Blog from Bethlehem
The area is surrounded by imposing 9-meter high walls topped by barbed wire and cameras, and flanked by a watchtower. A closed iron gate constitutes the forbidden entry to Rachel’s Tomb, transformed by Isrrael into a military fortress. The modest dome over the tomb is just visible here. Most inhabitants have left the area years ago. Several closed garages are in a dilapidated state.
Unsurprisingly, the fortress attracts Palestinian youth and children, in this case from neighboring Aida refugee camp. They see it as a confrontation zone. In a cat-and-mouse game, the youth throw stones and the soldiers fire back, from teargas to rubber bullets or worse – a game with serious, sometimes deadly consequences.
There is a little hatch in the iron gate that can be opened and closed from inside. Once I saw a curious orthodox Jewish child opening it to peep through, then parents quickly closed it.
Around the gate are thin-metal posters glued to the Wall. Many commemorate the nakbe, the disaster of 1948 when 7-800.000 Palestinians were forced to flee their homeland. (Last week the nakbeh was commemorated in many places. In one case old trucks used at the time were again operated, in a queue).
On some Wall posters, present-day youth from Aida camp give their reactions upon photos of fleeing refugees and destroyed villages. One 1948 photo shows a refugee woman who in shock and despair puts a cloth before her mouth. A boy comments that the photo reminds him of present-day women in the camp covering their mouths against teargas.
End of the World Rd
Further down, along a street renamed ‘End of the World Rd,” are small posters with quotes from Palestinian poet Mahmoud Darwish. The quotes interact with the surroundings: “The last train has stopped at the last platform and no-one was there,” or, “A mother reprimands the prison guard: ‘Why have you spilled our coffee unto the grass, you mischief maker?’” “A human being is a bird unable to fly.”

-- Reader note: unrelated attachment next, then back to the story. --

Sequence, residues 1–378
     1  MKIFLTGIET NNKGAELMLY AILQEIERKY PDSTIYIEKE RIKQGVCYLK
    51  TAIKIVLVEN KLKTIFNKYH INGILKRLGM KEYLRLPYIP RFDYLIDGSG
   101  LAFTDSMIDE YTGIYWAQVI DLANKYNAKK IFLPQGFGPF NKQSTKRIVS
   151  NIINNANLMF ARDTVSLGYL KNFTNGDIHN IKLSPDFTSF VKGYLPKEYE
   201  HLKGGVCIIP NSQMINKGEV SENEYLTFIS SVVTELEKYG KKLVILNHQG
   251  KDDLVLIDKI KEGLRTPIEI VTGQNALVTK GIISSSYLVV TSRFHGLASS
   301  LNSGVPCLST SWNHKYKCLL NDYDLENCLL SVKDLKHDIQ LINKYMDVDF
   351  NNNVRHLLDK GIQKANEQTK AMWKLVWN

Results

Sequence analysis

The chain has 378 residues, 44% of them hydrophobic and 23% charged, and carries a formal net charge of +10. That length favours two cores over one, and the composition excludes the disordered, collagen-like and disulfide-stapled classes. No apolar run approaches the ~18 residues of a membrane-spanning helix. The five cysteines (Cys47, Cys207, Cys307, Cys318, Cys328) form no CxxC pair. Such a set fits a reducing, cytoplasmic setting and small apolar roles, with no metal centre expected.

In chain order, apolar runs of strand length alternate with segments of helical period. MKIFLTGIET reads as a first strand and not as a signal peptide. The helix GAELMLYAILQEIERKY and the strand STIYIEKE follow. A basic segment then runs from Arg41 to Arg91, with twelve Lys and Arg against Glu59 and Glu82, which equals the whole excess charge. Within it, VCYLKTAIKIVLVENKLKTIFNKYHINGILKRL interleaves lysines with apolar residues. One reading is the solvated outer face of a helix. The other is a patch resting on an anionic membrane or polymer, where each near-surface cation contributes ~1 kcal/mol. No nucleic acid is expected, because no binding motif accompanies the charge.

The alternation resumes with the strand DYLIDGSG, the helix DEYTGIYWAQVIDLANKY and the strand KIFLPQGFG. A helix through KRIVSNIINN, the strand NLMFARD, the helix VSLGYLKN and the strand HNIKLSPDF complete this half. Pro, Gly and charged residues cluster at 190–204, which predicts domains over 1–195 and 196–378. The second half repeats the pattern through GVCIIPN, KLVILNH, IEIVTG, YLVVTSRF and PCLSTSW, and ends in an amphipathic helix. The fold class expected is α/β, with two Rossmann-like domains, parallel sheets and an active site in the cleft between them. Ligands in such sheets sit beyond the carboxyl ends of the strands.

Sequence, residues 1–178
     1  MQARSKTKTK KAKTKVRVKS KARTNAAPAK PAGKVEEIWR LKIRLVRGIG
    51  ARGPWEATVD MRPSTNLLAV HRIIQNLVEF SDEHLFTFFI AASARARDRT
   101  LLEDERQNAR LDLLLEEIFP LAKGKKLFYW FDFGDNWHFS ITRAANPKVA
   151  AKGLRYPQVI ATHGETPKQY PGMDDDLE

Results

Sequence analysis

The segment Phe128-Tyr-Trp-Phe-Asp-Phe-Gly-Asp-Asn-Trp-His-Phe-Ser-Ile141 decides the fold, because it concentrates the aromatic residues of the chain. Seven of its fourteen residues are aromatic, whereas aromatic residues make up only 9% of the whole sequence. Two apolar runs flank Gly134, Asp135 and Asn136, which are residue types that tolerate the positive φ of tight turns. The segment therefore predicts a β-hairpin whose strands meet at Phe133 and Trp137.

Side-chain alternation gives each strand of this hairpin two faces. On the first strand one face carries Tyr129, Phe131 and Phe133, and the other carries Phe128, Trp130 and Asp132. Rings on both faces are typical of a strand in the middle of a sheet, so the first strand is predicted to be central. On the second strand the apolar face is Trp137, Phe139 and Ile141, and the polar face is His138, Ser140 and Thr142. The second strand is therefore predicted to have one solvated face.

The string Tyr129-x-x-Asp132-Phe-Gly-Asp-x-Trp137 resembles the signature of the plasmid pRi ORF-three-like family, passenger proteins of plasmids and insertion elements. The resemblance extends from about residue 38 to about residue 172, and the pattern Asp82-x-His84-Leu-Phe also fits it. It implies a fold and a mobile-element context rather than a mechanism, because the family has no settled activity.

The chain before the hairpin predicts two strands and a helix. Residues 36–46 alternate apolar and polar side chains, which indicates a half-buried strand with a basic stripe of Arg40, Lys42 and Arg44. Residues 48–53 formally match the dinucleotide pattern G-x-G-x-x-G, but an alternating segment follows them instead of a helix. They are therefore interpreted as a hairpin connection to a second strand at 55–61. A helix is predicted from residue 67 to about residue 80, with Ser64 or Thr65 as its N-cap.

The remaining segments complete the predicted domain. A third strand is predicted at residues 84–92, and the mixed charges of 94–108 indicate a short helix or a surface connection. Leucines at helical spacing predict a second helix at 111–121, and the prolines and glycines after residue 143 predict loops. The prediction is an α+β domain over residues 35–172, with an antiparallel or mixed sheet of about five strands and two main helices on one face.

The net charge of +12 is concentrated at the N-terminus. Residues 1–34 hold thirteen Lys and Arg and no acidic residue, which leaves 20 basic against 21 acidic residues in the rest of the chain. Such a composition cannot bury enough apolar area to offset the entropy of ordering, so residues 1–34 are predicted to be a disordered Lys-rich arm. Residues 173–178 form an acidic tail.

The street sign “Apartheid Avenue” next to the military gate has been removed by soldiers. It took them several attempts, as the glue is strong.
In this dystopian environment the youth, staff and volunteers at AEI arrive for some work. With the help of staff and equipment of Bethlehem nunicipality we remove piles of garbage next to Antoinette’s house. Antoinette is a member of an AEI women’s group and former music teacher in Aida camp. During the shellings of the Second Intifada she gave music lessons to children in the cellar of her family house, to calm them down.
Besides garbage we collect dozens of teargas and other canisters found near the gate. To people who still live in the area we explain that we do the cleaning to test out possibilities for music and sports activities. “So you come here for a few hours, then leave?” “No,” we say, “the intention is to keep coming back.”
In the weeks afterwards we try out open-air activities in the grassfield of Antoinette’s backyard and along the End of the World Road. Two large sewage tunnels under the Wall, closed off by bars, form an interesting backdrop. Once, we are told, they were used by workers from the camp to reach Jerusalem, until they were teargassed back into the camp.
The youth play a little Alice-(Leyla)-in-Wonderland drama in front of the tunnels. A week later we watch a poet and a rapper talking and walking on a narrow ledge above the tunnels.
There are several thrown-away checkpoint blocks in Antoinette’s backyard. They too are a useful setting. One checkpoint panel can be used as a table on which some youth play a large cardboard game. It is a freedom of movement or checkpoint game in which the players have to find their way along obstacles (“The soldier at the checkpoint has a bad humour. Wait two turns.”) Sitting on a checkpoint panel, chin on knee, one participant looks like a chessplayer thinking through the very limited possibilities to reach Jerusalem. Coloured canisters are used as pawns. Other youth glue canisters on the Wall, or paint footsteps of a climbing Spiderman, or color stones.
We further try out 70-cm hurdles with images of the Wall, for jumping over. They are a bit too high for children. We spread out car tires on the street. This works well for a jumping game. A new youth music group plays music in front of closed garages, including the melody of Beethoven 9th, “All people become brothers.”
International volunteers design wishing boxes to be glued to the Wall. “Wishing the Wall Away” is mentioned on top. Next to one of the boxes we fix dozens of wishes sent last year to Bethlehem, in English and Arabic translation.
As Lennon sang: “You may say I’m a dreamer, but I am not the only one.”
Toine van Teeffelen
May 20, 2016